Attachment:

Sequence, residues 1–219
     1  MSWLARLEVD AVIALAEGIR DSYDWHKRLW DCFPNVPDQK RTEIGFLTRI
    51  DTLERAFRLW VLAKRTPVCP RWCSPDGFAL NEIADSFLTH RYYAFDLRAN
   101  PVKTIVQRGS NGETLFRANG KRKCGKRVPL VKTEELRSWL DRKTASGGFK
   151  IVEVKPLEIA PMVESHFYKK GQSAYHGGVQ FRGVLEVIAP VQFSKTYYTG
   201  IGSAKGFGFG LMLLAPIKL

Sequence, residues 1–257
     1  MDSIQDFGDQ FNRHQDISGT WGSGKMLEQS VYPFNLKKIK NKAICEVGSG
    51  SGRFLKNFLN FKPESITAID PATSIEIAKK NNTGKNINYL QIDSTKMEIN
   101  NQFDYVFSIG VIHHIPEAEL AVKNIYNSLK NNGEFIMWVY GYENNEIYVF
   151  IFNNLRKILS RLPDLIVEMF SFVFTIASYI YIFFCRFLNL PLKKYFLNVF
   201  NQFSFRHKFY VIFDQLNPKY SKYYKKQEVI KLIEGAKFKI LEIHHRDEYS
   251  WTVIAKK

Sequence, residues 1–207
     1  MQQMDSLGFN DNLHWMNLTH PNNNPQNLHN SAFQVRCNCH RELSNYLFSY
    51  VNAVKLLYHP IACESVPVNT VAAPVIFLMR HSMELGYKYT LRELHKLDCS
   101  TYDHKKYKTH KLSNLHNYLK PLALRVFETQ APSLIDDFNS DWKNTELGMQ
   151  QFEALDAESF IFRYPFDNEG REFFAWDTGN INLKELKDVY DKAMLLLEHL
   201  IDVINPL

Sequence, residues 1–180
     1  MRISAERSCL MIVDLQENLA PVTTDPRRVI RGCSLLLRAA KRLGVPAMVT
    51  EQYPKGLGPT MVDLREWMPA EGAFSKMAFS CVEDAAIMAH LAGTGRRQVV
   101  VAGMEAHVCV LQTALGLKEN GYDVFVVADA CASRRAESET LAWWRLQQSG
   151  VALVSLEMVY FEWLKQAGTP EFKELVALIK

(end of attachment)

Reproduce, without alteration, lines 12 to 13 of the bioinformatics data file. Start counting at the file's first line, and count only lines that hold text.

   201  NQFSFRHKFY VIFDQLNPKY SKYYKKQEVI KLIEGAKFKI LEIHHRDEYS
   251  WTVIAKK